The European cannabis industry is unique. The cultures here have truly embraced the medical benefits of the drug and the governments have supported this with progressive cannabis policies. There are cities in Europe where residents hold their weed in high esteem, more like the way the French and Italian culture value their food and wine.
Across the continent, the drug has been widely distributed through mainstream channels and pharmacies. The residents of some cities have clear access to procure their weed, with fewer taxes attached. More countries are modifying their cannabis policies, as the drug keeps rising in popularity across various industries. The skincare industry and wellness industry in Europe are making cannabinoids active ingredients in their products.
All these have boosted the cannabis industry in Europe. International tourists often go into the countries to experience the unique cannabis lifestyle. Before the pandemic, Europe had a steady stream of millions of tourists trooping in.
Amsterdam served as the unofficial capital of Cannabis
For over four decades, the legendary cannabis cafes in Amsterdam gave it an unofficial rank as the cannabis capital in not just Europe, but worldwide. Amsterdam receives a large percent of the total number of tourists that visit Europe each year.
The city permits the consumption of weed in the many coffee shops present around strategic areas of Amsterdam. It is still illegal to grow the plant for personal use without a permit.
All this might be coming to an end. The current mayor of Amsterdam has plans to disallow cannabis cafes from servicing visiting tourists in the city.
According to the Mayor, the increased cannabis tourism in the state has significantly reduced the level of security in the area. If the Mayor gets his wish, this will likely end the reign of Amsterdam as the capital of cannabis in Europe and the world.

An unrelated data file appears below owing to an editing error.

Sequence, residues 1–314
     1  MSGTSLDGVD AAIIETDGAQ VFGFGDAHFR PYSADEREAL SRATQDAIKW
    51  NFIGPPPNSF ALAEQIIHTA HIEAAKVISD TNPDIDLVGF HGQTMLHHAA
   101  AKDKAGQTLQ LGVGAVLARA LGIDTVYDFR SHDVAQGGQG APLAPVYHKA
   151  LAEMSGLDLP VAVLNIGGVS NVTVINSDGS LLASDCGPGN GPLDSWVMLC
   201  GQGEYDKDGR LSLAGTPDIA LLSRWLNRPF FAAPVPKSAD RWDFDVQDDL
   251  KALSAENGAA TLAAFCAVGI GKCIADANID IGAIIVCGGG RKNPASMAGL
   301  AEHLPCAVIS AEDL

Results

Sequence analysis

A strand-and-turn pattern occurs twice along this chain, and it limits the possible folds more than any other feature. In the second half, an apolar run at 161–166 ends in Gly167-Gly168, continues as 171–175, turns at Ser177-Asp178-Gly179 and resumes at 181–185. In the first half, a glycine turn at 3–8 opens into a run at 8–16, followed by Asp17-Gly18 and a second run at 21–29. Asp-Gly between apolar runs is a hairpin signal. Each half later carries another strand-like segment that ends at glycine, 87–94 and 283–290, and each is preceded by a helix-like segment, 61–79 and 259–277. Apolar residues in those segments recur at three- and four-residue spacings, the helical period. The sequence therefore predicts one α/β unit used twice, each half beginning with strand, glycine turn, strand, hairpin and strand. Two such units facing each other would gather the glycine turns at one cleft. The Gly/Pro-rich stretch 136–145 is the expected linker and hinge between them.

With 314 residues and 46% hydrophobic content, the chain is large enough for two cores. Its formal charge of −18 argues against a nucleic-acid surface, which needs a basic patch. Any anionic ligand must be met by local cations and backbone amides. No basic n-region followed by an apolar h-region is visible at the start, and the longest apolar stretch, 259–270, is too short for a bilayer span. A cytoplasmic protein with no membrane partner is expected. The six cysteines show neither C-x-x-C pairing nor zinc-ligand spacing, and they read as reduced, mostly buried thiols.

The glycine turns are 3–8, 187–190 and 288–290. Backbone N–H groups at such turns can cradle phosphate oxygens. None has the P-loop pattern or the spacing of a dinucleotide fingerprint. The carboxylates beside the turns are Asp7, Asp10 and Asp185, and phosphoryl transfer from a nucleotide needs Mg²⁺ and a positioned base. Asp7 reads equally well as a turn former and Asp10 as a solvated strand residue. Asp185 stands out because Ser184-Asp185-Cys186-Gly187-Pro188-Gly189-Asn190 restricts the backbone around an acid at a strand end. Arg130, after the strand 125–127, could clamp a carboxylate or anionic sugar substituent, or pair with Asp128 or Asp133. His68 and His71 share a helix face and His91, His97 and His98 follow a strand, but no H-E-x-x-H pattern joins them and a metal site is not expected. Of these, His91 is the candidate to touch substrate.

While tourists may still visit to see the city's tulips, far-famed artworks, breathtaking architecture, delicious waffles and pancakes and tiered roofs, the absence of tabs and tokes will reduce the appeal of the city. Cannabis is the major edge the city has over neighboring cities and countries in Europe.
Not only will the city lose its unofficial title, but cannabis-related businesses and the cannabis industry in the city are also to lose billions of dollars in sales.
There is however no doubt that either Canada or the United States of America will take the crown of being the cannabis capital of the world, provided they make the right investments and federal policies required.
Now there is the puzzle of which country will emerge as the new cannabis capital of Europe. The countries in Europe likely to share the throne include France, Germany, Switzerland, Spain, Italy, Albania, Luxembourg, and Denmark.
France has the biggest black market for cannabis in Europe. The cannabis policies in the country are in no way favorable for the consumption of weed in the country, but still, It has the highest consumption rate of weed on the continent. Its medical cannabis program is just in its starting phase and hasn't developed enough.